Thousands of revelers thronged colorful and exuberant parades in New Orleans this weekend in the countdown to the Mardi Gras 2013 carnival. Mardi Gras, which falls this Tuesday, is the day before the Ash Wednesday, the beginning of Lent.
The carnival is a season of revelry, parades, balls, eating king cake, spread roughly over the period from Three Kings Day to Fat Tuesday. Mardi Gras or Carnival has its roots in pagan culture and spring fertility rites dating back thousands of years, blended with Christian practices.
Millions throng the congested streets the French Quarter in New Orleans and other centers of celebrations in Alabama and Louisiana during the carnival days. Several parades with huge floats are a major attraction in the carnival and people throw beads, masks and small toys to the spectators. Parades are held each day of the carnival but the largest and best are reserved for the last five days before the Mardi Gras.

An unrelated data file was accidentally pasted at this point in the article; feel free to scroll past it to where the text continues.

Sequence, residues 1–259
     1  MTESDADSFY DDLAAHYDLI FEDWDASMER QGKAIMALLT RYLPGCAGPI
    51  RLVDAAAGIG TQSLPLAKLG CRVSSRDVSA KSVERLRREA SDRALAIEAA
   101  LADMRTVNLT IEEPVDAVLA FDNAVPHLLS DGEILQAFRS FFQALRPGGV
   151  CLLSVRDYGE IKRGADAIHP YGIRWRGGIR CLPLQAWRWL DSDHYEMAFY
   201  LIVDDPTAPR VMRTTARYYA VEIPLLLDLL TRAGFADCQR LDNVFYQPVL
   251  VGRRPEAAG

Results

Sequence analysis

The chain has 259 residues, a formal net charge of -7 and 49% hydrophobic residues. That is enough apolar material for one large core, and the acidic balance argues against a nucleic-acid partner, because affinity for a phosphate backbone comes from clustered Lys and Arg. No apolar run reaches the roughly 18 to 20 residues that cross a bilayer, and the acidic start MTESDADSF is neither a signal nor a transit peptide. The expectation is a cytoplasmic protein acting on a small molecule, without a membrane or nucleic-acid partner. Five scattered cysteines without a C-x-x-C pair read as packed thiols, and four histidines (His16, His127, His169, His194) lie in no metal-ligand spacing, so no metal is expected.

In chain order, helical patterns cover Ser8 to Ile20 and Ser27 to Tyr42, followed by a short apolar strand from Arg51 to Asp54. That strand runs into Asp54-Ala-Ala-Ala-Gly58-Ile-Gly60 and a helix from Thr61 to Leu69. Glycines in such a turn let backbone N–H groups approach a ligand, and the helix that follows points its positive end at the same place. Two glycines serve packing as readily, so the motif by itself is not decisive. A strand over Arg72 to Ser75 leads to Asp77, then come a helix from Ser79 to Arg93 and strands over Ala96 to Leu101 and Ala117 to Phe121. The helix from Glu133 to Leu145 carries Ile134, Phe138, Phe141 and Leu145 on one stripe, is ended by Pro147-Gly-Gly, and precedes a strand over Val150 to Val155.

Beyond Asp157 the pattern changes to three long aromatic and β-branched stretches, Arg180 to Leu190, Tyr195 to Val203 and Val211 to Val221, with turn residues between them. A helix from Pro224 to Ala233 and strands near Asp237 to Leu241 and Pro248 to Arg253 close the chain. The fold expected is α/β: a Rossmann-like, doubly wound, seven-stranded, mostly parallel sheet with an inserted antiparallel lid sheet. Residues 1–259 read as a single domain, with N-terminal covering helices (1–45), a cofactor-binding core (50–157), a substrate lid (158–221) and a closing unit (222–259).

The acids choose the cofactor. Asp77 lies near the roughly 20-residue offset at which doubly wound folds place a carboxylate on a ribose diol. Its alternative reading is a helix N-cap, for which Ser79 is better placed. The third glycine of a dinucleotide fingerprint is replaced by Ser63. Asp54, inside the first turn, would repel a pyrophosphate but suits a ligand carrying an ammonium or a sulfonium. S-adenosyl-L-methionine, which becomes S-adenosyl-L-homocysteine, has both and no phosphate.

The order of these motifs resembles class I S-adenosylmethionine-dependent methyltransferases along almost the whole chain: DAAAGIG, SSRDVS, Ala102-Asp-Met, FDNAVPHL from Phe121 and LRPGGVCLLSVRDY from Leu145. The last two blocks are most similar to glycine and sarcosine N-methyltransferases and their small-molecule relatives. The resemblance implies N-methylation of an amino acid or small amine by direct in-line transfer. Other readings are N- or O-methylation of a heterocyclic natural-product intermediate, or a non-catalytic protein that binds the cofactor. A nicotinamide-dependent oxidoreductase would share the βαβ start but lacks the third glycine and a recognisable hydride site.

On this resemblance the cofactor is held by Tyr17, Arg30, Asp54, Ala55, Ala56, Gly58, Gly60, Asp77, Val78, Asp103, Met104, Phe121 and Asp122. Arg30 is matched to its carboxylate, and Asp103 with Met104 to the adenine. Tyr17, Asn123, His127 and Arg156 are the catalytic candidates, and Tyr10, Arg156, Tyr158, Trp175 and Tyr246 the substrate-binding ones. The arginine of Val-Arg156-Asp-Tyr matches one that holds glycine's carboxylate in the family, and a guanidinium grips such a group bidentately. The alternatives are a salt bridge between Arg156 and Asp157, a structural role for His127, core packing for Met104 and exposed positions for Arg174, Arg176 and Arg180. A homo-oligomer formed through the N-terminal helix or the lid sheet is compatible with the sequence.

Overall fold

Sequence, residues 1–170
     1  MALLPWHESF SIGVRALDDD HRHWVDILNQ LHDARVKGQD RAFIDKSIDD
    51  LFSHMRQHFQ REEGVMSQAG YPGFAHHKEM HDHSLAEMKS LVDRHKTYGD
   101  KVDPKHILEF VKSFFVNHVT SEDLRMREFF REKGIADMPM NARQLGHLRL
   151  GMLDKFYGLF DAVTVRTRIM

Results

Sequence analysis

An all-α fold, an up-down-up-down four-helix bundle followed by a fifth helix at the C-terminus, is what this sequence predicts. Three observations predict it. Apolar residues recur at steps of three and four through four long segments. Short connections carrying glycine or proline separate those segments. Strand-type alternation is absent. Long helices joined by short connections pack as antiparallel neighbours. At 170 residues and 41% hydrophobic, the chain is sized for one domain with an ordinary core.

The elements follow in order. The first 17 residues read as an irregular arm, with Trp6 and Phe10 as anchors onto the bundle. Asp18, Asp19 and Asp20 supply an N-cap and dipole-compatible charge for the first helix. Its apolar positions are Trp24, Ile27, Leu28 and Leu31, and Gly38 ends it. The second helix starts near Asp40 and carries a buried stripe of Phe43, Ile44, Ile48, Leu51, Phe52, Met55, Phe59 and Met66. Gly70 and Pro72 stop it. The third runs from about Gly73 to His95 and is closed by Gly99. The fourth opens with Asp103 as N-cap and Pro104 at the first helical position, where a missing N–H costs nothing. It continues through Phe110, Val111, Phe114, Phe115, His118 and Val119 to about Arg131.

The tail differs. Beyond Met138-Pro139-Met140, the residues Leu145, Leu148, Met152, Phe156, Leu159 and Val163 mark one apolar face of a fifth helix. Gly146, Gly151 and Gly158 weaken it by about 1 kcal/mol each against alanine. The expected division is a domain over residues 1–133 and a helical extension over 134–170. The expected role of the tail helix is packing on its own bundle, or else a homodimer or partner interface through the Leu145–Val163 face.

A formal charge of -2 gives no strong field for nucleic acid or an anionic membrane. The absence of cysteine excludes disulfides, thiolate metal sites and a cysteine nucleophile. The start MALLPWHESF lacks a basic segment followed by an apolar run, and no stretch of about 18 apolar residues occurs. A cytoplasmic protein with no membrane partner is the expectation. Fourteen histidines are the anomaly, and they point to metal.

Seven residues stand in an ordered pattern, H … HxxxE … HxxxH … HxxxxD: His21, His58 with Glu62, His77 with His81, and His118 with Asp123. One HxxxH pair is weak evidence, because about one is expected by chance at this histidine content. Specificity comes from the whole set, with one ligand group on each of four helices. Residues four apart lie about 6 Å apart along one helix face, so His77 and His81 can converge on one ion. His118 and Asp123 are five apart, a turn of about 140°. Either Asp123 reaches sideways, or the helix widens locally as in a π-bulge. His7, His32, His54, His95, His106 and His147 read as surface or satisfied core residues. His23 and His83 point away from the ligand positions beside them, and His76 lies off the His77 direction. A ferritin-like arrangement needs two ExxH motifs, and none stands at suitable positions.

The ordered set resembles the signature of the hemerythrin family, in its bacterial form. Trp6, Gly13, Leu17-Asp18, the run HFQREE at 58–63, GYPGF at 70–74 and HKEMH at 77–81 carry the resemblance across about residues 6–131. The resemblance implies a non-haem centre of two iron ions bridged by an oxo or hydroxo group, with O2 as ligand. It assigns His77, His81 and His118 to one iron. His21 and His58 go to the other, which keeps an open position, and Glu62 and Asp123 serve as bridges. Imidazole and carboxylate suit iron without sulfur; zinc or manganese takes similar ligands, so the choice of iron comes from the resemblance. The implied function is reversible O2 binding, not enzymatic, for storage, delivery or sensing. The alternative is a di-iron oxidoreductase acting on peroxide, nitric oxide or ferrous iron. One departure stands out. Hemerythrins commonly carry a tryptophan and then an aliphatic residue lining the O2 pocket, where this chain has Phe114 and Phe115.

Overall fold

Krewes, the groups that hold the parades and balls, compete with each other in rolling the biggest and most splendid floats and celebrations. Revelers, dancers, merrymakers and musicians stroll in colorful and mythical costumes and masks tossing the colorful beads and other ‘throws’ in the parade.
Mardi Gras 2013 celebrations in New Orleans Saturday saw one of the biggest floats ever. The 330-foot long super float built by the Krewe of Endymion held more than 200 riders in eight sections.
The super spectacle claimed to be the largest in history had to be separated into two as it could not negotiate a turn during its parade Saturday. The $1.2 million float was rejoined after taking the turn and ended its journey at the Superdome, where "American Idol" alum Kelly Clarkson performed at the first major concert of the Mardi Gras eve. It was the first major event at the Superdome since the Super Bowl power blackout.
Kelly Clarkson was the celebrity grand marshal of the Krewe of Endymion.